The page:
The New South Wales police force declared the siege over 16 hours after it began at around 09.45 a.m. Monday morning when a gunman laid siege to the Lindt cafe in a plaza in Sydney's financial and shopping district.
A man who ran from the Lindt cafe with his arms up after 02.00 a.m. was pat down by police who escorted him to safety, shortly before four more people fled the building, the Australian reported.
Police then charged the cafe amid rapid gunfire, which was followed by a second round as police and paramedics rushed in, some pushing stretchers.
A woman who appeared to be injured was carried away, as others received CPR.
According to Australia 9 news, two people were killed and carried out on stretchers, with one believed to be the gunman, self-proclaimed Iranian-born cleric Man Haron Monis, who was on bail for a number of mostly violent charges. An estimated 12 to 16 people were seen leaving the cafe.
Another female victim stretchered from the scene had suffered a gunshot wound to her shoulder, according to the channel.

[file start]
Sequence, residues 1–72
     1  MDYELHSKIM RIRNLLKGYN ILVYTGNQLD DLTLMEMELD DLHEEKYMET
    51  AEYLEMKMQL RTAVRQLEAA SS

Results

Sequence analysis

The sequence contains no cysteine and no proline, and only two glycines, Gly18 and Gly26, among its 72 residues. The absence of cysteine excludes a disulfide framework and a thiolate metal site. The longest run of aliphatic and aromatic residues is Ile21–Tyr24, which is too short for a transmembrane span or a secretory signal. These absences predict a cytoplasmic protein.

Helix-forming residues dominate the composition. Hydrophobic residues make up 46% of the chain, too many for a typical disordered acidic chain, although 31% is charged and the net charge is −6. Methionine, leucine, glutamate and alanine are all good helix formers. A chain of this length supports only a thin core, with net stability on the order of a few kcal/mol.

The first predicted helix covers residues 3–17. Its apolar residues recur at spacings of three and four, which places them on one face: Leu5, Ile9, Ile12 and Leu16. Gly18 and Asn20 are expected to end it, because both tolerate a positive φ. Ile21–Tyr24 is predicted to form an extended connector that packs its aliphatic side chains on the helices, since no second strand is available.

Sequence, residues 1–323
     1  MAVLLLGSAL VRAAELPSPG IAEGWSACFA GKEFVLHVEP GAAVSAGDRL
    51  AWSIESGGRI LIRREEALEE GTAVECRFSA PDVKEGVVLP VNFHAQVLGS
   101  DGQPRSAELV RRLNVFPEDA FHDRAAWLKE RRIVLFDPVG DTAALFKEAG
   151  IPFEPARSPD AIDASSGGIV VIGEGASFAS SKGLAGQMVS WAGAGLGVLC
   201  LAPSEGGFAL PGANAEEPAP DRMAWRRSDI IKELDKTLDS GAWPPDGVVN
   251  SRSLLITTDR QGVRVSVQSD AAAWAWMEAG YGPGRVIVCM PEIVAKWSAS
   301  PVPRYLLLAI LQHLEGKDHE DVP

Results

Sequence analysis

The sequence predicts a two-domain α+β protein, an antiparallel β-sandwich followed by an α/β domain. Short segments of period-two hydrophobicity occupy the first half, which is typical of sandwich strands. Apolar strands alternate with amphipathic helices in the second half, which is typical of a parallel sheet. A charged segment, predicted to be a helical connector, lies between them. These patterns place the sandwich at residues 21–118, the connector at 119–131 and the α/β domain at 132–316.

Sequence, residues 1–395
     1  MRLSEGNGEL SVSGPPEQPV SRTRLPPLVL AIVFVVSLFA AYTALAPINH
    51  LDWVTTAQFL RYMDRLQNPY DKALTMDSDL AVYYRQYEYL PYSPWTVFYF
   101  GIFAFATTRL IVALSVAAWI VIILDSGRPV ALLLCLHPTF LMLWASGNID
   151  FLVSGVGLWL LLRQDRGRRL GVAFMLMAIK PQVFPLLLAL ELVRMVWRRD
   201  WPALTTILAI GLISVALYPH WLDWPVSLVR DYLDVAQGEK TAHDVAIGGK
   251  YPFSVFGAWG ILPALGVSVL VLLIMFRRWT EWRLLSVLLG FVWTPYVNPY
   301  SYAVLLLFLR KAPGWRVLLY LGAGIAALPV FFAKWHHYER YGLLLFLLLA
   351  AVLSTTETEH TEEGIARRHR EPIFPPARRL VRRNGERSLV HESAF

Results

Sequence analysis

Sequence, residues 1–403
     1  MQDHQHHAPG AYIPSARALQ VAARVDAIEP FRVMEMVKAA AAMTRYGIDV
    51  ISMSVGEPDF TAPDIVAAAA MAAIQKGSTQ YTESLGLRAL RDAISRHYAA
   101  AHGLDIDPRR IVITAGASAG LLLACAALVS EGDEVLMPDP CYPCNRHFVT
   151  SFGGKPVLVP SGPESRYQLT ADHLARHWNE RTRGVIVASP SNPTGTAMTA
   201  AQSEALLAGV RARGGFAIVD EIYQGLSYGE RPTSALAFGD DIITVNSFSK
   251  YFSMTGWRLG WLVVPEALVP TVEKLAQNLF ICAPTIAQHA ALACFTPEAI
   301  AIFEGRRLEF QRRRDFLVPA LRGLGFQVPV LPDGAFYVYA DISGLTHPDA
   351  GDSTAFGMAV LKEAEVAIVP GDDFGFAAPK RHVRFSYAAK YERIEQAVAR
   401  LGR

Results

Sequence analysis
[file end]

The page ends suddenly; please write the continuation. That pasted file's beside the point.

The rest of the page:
Manny Conditsis, a former lawyer for Monis, told national news broadcaster ABC, "this is a one-off random individual. It's not a concerted terrorism event or act. It's a damaged goods individual who's done something outrageous."
Monis, who moved to Australia as a refugee in 1996, gained notoriety for sending offensive letters to the families of Australian soldiers who lost their lives in Afghanistan between 2007 and 2009, accusing them of being murderers.
In November 2013, he was charged with being an accessory to the murder of his ex-wife, who was reportedly stabbed and set on fire, the Sydney Morning Herald reported.
After his arrest this April over his alleged sexual assault of a woman in Sydney in 2002, 40 additional charges were filed against Monis as other victims came forward.
Last Friday, he failed to have the charges regarding the letters to soldiers’ families dropped, according to SMH.
Three people had exited the cafe in the Martin Place plaza approximately six hours after the siege began at 09.45 a.m., followed by two female Lindt employees.
Earlier, footage of hostages forced to hold a black flag with Arabic script believed to be the Islamic declaration of faith had been broadcast on television based on video shot through the cafe’s windows.
Amid speculations about the gunman and his possible group affiliation, a hashtag #illridewithyou had started trending as concerned Twitter users offered to commute to work Tuesday with people wearing Muslims garb.
In a statement, Prime Minister Tony Abbott called the incident “very disturbing,” saying it is “profoundly shocking that innocent people should be held hostage by an armed person claiming political motivation.”
Residents had been urged to avoid the Martin Plaza area.